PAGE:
And while the consistent thread through these roles is a dedication to addressing the HIV/AIDS epidemic, he’s not easily relegated to one camp or another: he has focused on domestic as well as international issues, he has served within both the public and private sectors, and he worked both as clinician and civil servant. At the outset, he appears to be a great fit for the task at hand.
In response to news of the pending appointment Goosby stated that PEPFAR “has already saved millions of lives in sub-Saharan Africa and other hard-hit areas around the world… but significant challenges relating to the prevention and treatment of HIV remain.” Dr. Goosby also seems to demonstrate a keen awareness regarding the inequalities, social and otherwise, that compound the risk factors for contracting HIV and also determine access to care and treatment services. Such insight indicates the lens of public health and human rights from which he seems to view the epidemic, and the response needed to address it.
During his tenure at the Office of HIV/AIDS Policy at the Department of Health and Human Services, Dr. Goosby delivered the keynote address at a conference of the Duke Journal of Gender Law & Policy in 1997 that indicates the holistic awareness and vision he brings to the table:
[O]ne of the divergent forces that are converging here is the continued realization of inequities within our society. We are once again, with the advent of HIV, put in a position where we are reminded that we are not in a world where there are equal playing fields within our populations. Individuals who are able to access delivery systems will require not only that the delivery system be available, but that it be embracing or nurturing or conducive to the cultural, ethnic, and gender diversity… and that that be reflected in our ability to take care of individuals in times of crisis. Insensitivity to those needs is a profound barrier to care. It has been shown over and over, and with HIV I believe it is highlighted once again.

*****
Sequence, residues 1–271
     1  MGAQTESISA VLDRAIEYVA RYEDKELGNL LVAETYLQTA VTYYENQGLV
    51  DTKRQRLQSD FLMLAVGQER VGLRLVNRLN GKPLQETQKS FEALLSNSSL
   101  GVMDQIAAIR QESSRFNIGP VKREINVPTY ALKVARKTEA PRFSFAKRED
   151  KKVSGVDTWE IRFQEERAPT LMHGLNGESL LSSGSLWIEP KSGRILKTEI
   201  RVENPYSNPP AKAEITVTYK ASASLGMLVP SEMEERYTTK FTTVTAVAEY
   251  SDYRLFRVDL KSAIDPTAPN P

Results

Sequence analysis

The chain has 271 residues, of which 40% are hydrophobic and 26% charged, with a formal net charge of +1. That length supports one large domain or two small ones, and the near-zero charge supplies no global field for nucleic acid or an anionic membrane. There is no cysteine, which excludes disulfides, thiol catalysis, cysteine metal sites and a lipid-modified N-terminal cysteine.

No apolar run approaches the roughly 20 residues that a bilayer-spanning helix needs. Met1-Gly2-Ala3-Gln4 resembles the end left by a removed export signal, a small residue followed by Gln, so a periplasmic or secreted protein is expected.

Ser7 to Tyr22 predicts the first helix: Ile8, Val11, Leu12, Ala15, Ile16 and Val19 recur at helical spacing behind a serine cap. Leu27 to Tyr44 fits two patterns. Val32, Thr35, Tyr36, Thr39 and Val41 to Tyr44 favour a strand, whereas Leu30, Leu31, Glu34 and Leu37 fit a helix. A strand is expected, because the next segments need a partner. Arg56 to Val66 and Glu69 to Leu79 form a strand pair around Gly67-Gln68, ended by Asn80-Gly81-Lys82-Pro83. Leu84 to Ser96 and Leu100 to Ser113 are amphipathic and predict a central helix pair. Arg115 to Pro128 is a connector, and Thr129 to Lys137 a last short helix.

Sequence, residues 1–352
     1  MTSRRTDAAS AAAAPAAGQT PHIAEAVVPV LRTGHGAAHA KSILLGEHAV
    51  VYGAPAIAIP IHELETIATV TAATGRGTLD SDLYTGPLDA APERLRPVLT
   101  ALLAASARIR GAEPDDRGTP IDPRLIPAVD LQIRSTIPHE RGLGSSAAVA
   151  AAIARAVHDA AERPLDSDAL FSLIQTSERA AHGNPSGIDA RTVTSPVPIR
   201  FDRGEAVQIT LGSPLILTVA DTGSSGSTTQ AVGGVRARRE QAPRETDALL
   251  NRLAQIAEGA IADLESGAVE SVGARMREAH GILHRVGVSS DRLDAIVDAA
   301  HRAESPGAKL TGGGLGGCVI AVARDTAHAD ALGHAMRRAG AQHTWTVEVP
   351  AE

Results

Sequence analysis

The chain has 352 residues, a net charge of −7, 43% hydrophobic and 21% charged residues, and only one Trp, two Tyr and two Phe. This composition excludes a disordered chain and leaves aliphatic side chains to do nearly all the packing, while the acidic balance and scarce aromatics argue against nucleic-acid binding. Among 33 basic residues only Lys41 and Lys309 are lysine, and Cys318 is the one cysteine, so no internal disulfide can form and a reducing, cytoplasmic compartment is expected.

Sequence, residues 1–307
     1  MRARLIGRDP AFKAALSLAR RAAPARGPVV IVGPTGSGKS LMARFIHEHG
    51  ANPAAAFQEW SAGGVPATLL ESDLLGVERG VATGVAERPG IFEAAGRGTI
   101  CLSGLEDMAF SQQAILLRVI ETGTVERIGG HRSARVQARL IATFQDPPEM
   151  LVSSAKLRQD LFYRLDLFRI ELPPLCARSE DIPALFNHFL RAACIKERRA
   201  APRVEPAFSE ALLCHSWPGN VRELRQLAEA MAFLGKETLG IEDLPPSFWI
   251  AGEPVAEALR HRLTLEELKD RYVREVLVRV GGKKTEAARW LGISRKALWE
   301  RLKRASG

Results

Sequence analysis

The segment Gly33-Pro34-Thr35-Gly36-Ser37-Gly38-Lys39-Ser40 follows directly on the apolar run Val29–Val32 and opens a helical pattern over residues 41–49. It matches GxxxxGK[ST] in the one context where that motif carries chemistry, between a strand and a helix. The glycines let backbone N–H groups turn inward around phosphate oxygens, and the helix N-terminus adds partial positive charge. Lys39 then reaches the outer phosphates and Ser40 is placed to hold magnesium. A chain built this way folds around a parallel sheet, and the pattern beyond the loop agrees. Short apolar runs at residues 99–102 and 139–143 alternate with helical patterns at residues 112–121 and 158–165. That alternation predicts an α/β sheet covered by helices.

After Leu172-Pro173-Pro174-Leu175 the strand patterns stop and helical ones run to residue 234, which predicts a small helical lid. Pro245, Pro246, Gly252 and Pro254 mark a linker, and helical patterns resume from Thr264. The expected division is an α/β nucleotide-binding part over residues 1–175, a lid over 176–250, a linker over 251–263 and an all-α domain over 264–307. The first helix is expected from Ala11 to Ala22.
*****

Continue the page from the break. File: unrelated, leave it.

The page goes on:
The virus has always amplified the issues that are predominant in our society. One of the remarkable things about the AIDS epidemic is that it has turned spotlights on those areas of our society that have always been there but once again are brought to light.
And here in these last two sentences, a dozen years ago, Dr. Goosby hit upon an idea that just may be the key to ensuring a successful response to this epidemic. By looking at “those areas of our society that have always been there but once again are brought to light,” we understand that this global health crisis did not emerge as an autonomous event, but rather from a confluence of factors that heighten risk, lead to the spread of HIV, and present obstacles to reversing the course of the epidemic: poverty, lack of access to education, poor nutrition, gender inequalities, gender-based violence, discrimination against and subsequent denial about men who have sex with men, commercial sex workers and injection drug users, and the list goes on.
President Obama’s announcement about Dr. Goosby made it in just under the wire of his first hundred days in office, that brief time emblematic of the shape his administration will take. In doing so, it affirms that the US response to the global HIV/AIDS pandemic will remain a priority and will assume the holistic vision necessary to move it forward into this next stage.